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Man charged in 2013 Cary culvert fire now charged with breaking into cars

Posted August 25, 2015
Updated August 28, 2015

Tristan Matthew Zammit
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— A man charged two years ago with setting a fire that caused nearly $500,000 in damage to a major Cary roadway has been arrested three times in recent weeks in connection with vehicle break-ins.

Tristan Matthew Zammit, 19, of 101 Sweetspire Way in Cary, was charged Monday with breaking and entering a motor vehicle, larceny after breaking and entering and possession of a firearm by a felon. He also was charged with breaking and entering a motor vehicle on Wednesday and in a July 15 case.

In 2013, Cary police arrested Zammit, then 17, in connection with a culvert fire beneath part of Cary Parkway, which was closed for three weeks as a result.

Wake County prosecutors later dismissed the charge as part of an effort by the state to recoup the $482,120 spent to repair the culvert and repave the road.

In February, Raleigh police stopped Zammit while driving into oncoming traffic on Western Boulevard and arrested him after finding drugs in a backpack in his car.

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  • John Barbara Aug 26, 2015
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    You rightly look at color but incorrectly assume it is skin.

    The police, white and black, care about color: Blue. The Courts care about color as well: green.

    Black cops kill whites and white cops kill blacks regularly and they'll defend each other to the bitter end.

    The only two thing the DA's office cares about is their conviction rate. The judges care about how much money their fellow members of the Bar Association wring out of this process. A defendant with a paid attorney will put $ into the hands of the members of the Bar Association, a defendant with a for free attorney does not. A defendant with a paid attorney intends to fight the DA and if it isn't a slam dunk conviction the DA will hesitate. A lot of very guilty people laugh their way out of court just by having a reptile for an attorney, someone with no respect for justice and the right connections.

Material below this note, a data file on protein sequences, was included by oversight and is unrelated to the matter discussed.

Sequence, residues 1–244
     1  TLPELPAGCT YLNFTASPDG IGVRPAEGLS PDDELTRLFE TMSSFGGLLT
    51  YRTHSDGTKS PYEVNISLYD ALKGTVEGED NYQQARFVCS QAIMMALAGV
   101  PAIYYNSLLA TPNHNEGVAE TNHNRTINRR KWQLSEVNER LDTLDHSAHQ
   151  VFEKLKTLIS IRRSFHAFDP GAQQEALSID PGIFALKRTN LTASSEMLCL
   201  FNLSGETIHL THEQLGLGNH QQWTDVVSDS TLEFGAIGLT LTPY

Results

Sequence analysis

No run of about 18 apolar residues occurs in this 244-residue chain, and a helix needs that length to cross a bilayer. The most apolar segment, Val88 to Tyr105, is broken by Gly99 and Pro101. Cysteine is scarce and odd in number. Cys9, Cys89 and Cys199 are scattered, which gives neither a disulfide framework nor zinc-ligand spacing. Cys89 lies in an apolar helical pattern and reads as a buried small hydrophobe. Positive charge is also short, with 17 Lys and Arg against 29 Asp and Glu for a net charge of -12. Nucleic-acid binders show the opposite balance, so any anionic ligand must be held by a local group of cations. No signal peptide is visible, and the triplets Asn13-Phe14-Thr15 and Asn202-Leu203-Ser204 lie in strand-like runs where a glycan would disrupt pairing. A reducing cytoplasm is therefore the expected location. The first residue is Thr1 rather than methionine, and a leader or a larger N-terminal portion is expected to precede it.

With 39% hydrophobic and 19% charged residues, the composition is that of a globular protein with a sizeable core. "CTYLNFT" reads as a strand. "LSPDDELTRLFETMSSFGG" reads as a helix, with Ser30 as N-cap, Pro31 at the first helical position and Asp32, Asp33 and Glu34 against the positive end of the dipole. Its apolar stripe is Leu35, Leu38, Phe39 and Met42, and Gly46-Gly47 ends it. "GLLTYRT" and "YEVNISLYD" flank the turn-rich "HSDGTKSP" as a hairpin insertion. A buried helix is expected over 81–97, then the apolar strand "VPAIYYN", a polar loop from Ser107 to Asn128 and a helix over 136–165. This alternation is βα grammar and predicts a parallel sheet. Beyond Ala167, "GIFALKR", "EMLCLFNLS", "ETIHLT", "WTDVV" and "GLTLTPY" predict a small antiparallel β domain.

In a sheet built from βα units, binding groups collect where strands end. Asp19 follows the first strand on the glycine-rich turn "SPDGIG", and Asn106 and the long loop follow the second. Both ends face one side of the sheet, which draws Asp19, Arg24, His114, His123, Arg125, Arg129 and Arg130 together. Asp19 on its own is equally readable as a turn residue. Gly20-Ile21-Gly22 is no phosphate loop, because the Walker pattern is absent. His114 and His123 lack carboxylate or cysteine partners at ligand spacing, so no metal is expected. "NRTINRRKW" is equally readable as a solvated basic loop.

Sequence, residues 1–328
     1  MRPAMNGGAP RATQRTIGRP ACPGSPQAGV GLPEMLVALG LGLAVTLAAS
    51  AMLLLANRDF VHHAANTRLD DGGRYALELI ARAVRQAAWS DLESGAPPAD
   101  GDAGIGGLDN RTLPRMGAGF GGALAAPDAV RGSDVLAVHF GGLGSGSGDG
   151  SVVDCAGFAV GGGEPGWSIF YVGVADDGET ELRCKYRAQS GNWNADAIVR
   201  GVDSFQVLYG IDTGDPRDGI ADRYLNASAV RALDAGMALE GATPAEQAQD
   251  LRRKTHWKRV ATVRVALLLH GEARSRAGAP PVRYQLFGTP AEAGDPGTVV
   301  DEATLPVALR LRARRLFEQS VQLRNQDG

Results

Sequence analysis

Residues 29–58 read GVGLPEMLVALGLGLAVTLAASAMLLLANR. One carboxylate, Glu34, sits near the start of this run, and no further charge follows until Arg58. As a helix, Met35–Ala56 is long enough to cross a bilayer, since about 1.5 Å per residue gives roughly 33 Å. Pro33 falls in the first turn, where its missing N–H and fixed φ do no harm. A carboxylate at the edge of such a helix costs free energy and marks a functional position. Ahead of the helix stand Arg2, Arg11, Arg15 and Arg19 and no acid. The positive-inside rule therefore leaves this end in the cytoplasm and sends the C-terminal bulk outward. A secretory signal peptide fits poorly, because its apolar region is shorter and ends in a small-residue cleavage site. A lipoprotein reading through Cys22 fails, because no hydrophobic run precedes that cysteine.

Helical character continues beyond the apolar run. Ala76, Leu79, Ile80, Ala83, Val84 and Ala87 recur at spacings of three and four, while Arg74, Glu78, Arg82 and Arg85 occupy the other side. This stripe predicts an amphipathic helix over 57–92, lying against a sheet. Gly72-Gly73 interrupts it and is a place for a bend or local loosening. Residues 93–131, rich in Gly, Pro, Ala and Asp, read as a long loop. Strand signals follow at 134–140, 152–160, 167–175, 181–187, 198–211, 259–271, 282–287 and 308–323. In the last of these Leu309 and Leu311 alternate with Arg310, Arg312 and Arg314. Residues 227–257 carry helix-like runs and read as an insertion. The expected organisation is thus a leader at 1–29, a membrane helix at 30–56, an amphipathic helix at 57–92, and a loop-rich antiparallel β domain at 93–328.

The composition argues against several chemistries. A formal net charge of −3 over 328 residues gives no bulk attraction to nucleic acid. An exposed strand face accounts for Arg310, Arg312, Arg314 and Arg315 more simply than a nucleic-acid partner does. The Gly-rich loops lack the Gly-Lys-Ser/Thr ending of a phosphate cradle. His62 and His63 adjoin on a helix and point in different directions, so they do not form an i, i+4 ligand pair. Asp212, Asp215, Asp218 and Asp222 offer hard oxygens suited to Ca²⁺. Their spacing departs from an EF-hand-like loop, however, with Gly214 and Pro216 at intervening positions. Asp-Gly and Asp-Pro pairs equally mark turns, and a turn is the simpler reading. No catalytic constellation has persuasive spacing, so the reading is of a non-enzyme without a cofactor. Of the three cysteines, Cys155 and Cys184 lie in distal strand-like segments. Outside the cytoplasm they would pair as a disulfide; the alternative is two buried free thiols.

• John Barbara Aug 26, 2015
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    You are correct, the past cannot be changed. You may have changed but you're asking a stranger or set of strangers to trust you on that. You have to expect there will be a lot of people reluctant to take that risk.

    As to this Zammit kid, his case illustrates some of the very real defects in the criminal justice process and the incompetence of the Wake County DA's office. They will gladly beat up on people with pro bono attorneys or public defenders. The DA's office gets the bottom of the barrel, boot scrapings, for prosecuting attorneys, a defendant with a for fee attorney is going to get a much better result than a defendant with a for free attorney generally. The DA is most worried about his conviction rate, not justice. You show up with a for free attorney you might as well wrap yourself in bacon and go stand in a lion's den. As long as someone pays for Zammit to have a good attorney he will be given unlimited 2nd chances. Sadly.

  • Djofraleigh Anderson Aug 25, 2015
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    Poster Rashad, you defend and attack, but if you keep the fire and passion alive and keep trying to better yourself and stay out of trouble, then I see you have what it takes to be successful. Rashad's words reminded me of country singer/songwriter Merle Haggard's song, "Branded Man." Merle was in San Quentin at 21, and worked hard to live it down, finally getting a presidential pardon.